About this blog Subscribe to this blog

Research: Media Getting SAT Story Wrong (& Who Funded It, Anyway?)

According to Paul Bruno, the NPR and PBS coverage of the Bates College SAT study has gotten it wrong:  

"You wouldn't know from reading this headline - or even from the story, really - that the study actually finds that SAT scores have predictive power (over and above high school GPA alone) when it comes to success in college. Even the study authors seem to be trying too hard to avoid this conclusion, but it's right there in their data tables."

I've asked Bill Hiss if this is accurate or not and will let you know his response.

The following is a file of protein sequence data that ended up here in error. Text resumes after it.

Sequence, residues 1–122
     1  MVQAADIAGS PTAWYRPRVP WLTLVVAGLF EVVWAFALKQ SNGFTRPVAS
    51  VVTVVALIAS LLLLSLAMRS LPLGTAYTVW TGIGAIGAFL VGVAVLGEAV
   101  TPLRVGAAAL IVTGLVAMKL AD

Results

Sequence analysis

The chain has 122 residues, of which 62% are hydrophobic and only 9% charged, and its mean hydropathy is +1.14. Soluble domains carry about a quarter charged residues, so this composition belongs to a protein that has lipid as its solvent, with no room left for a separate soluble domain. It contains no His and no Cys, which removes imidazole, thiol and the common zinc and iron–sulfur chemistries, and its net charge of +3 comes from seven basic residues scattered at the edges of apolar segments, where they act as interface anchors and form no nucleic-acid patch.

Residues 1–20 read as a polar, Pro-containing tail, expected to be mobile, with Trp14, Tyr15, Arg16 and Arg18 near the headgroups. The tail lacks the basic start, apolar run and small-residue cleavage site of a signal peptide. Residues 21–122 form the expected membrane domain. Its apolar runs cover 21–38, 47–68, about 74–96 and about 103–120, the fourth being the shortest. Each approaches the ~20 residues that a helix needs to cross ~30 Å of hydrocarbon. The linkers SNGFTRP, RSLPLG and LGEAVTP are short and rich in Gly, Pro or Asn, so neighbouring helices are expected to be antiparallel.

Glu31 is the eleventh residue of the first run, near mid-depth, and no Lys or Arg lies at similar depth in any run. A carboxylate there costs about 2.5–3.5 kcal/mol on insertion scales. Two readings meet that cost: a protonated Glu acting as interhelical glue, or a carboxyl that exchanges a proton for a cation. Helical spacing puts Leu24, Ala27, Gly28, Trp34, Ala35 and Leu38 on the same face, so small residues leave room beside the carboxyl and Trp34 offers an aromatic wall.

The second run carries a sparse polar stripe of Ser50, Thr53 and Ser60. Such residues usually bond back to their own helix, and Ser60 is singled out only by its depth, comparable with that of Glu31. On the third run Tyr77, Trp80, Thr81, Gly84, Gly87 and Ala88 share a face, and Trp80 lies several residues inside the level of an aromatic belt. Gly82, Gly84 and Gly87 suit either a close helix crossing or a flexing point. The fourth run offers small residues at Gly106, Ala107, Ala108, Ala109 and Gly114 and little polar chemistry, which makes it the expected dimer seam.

Meantime, as I noted yesterday, the study was peer reviewed, according to Hiss, but its funding source has not been revealed.  It's a private foundation that wishes to remain anonymous.  

Comments

Feed You can follow this conversation by subscribing to the comment feed for this post.

Part of the confusion - as far as I can tell, and maybe I'm mistaken - is that they *do* find a surprising lack of difference between the success rates of students who do and do not submit SAT scores. That's an interesting finding, and one with implications for admissions criteria, but it doesn't actually preclude the possibility that the SAT is still predictive and their results seem to suggest that it is (unless I'm misunderstanding something). That's a nuance that some people seem to be missing here.

The comments to this entry are closed.

Advertisement

Advertisement

Disclaimer: The opinions expressed in This Week In Education are strictly those of the author and do not reflect the opinions or endorsement of Scholastic, Inc.